Forsythia is in bloom. As one of the boldest of the spring flowers, she begs to be noticed with her wild mane of yellow blossoms. She cries out, “Spring is here! Spring is here!” Along the roadways, she is untamed and waves madly in the March winds. In some yards, they have tried to subdue her. Cut to look like an average shrub, the yellow nearly jumps out and screams to be observed. She does not want to blend in. It is her job to announce the change in season and she takes it very seriously. I saw a remarkable cluster of Forsythia on a recent drive. The depth of color and the length of the bushes created a hedge which surrounded the yard, like the wall of a great city of old. Her arms waved wildly at me as I passed by.
Suddenly I was transported back to my childhood…standing in my grandmother’s well established yard. Hydrangeas hugged the house just under the windows. Gardenias, and azaleas rested in the shade of tall pines and maples. In the summer there were flowers everywhere, but at the first breath of spring the jonquils raised their heads. To a child, the beds seemed full of them. I remember putting my nose in their faces and sniffing deeply enough for them to close around my nostrils. I thought they were alive and trying to eat me! I never sniffed one again, but I did enjoy their many shades of yellow.
However, the daffodils were not the ones who called me to the past on this day. It was the Forsythia who waved me back to a young girl, standing in front of her unkempt hair of yellow. She towered over me making a kind of barrier between the yard and the forest. I was too shy to cross the line she had drawn. From my low vantage point it looked like brambles with delicate little flowers shooting out in all directions. I think I was drawn to the chaotic nature of the long willow-like shoots. There was something very wild about them. Looking through them was like looking through a yellow jungle. Birds found places to nest in the thicket and bees came for the nectar. I avoided the bees so once the blooms were full I watched from a distance. There was a white swing nearby, an iron bench painted white, and an old play gym with a glider I could ride on and push. These were my vantage points from which I watched Forsythia.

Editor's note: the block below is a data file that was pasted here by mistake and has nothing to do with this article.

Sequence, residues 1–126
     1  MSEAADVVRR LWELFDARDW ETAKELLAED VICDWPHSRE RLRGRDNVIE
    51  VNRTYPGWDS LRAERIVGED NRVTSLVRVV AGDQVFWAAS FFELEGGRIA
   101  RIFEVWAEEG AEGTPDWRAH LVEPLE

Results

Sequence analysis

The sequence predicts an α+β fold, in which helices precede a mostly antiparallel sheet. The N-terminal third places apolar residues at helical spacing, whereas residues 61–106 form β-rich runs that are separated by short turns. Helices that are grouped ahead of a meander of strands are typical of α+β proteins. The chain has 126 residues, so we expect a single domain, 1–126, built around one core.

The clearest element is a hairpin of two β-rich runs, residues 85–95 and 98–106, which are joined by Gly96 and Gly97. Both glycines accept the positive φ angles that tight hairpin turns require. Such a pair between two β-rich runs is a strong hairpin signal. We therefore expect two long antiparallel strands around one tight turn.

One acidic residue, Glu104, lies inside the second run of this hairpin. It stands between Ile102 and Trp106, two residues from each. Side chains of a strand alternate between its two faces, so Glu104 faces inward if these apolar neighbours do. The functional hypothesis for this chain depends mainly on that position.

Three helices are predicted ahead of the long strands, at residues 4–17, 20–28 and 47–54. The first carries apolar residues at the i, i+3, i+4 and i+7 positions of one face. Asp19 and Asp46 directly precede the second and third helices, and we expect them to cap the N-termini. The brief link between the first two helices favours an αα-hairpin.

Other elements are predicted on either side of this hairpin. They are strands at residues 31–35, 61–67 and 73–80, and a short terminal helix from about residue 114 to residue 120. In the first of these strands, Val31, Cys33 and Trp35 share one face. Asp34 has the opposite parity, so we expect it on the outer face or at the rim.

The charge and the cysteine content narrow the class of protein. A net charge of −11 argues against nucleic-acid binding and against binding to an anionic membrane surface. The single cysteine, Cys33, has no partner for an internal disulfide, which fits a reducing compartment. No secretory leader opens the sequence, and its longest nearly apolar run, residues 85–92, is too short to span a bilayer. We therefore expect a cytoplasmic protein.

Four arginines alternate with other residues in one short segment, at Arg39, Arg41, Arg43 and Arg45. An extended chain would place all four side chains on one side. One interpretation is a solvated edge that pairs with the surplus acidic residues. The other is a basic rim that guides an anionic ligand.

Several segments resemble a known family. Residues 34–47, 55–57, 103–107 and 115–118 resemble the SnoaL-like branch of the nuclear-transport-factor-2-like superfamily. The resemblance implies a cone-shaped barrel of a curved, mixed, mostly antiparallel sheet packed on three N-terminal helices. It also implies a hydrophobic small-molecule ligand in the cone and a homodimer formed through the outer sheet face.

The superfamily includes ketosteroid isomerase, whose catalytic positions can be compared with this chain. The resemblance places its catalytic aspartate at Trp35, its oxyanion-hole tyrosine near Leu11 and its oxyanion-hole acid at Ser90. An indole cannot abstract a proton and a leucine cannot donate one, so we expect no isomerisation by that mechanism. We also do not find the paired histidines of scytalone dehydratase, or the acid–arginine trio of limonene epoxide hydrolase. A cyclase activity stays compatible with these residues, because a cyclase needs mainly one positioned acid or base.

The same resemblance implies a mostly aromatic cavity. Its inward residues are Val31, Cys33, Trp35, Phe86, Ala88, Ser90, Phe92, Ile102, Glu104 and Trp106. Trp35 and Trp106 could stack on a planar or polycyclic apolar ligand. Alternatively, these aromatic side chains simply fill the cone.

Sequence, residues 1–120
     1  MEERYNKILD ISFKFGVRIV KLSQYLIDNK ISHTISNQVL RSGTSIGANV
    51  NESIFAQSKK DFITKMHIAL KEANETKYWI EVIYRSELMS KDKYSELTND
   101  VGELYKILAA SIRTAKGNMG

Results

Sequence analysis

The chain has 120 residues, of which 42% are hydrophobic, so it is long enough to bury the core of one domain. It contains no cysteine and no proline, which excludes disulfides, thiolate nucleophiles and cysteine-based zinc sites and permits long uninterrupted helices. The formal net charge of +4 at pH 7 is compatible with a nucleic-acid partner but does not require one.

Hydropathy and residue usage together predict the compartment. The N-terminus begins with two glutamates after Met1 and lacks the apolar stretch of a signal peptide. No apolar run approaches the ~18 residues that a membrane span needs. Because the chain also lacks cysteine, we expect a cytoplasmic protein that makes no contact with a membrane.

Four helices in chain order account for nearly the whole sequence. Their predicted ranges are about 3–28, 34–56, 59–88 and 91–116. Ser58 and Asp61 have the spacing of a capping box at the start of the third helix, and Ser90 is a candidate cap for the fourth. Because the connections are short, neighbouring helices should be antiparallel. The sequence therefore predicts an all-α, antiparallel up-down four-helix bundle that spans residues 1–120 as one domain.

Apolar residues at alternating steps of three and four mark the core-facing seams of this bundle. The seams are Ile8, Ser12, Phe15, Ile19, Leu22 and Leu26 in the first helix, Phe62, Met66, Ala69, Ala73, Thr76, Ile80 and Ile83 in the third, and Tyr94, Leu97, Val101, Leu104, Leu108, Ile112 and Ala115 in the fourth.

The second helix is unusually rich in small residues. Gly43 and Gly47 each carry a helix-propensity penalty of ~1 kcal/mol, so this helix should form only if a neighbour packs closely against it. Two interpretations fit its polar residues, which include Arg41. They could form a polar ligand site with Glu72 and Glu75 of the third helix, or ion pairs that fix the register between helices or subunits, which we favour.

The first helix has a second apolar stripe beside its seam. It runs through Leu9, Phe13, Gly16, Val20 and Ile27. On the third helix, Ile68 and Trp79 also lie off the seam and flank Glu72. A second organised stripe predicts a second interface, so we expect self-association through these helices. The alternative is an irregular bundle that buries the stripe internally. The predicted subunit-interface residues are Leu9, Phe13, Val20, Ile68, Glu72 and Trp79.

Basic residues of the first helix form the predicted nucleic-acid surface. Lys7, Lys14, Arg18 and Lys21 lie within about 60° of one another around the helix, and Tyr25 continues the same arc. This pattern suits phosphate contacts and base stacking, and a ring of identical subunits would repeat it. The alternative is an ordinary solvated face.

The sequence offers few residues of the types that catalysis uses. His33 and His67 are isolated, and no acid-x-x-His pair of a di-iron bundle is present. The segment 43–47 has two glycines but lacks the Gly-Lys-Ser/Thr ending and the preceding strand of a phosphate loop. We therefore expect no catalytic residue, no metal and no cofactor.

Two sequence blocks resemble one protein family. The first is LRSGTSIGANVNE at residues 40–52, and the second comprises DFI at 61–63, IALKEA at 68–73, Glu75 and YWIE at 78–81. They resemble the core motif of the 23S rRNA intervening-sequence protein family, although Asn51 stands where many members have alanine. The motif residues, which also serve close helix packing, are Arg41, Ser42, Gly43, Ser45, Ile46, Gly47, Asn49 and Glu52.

One day my grandmother came out with some bricks and showed me a miracle. She explained that if I put a brick on one of the shoots, bending it to the ground that it would make another plant. I could not imagine she could possibly be right. I thought it a foolish idea, but I was just curious enough to try it. She reached up and bent the yellow stalk down to the ground. It looked like it was bowing to me. She showed me just where to place the brick, and that was it. We placed several more bricks. And then there was nothing more to do but wait. The days I was there I checked on the progress, but she told me not to move the weights. I do not know how long before I came back, or how long it took for the transformation to take place. I still remember running to the bushes and seeing a small little plant on the other side of the brick reaching up to her mother, just like a child would do. I removed the brick expecting the branch to fly up to where it had been before. I was amazed to see that it was rooted to the ground. The plants we had rooted created a yellow archway I could walk under like a princess in a palace. Soon we cut the original stalk from the mother shrub and the new plant was on its own.
I can tell you that those bricks went to good use after that. “Making new plants” became one of my favorite things to do. I felt so knowledgeable and creative. When my friends came over I would show them the plants I made…like a magic trick.
My memory time machine, returned to the present moment and my face held a smile. Forsythia smiled back at me and I continued on my journey.
It made me think, that sometimes, if we are flexible and can stand a bit of weight something wonderful and new will be the result. Instead I tend to try to wiggle my way out of painful places. My back is bent in an uncomfortable position, and instead of bowing I try to stand tall. I do not realize the desired outcome will expand me, and ultimately make me free to grow deeper. I want to remember the lesson of Forsythia, and she wants me to remember it too.
2 thoughts on “The Lesson of Forsythia”
You need to send this in to Southern Living magazine. Really!!!
What a wonderful story you told and painting you created. Your final paragraph reaches our souls. How lovely.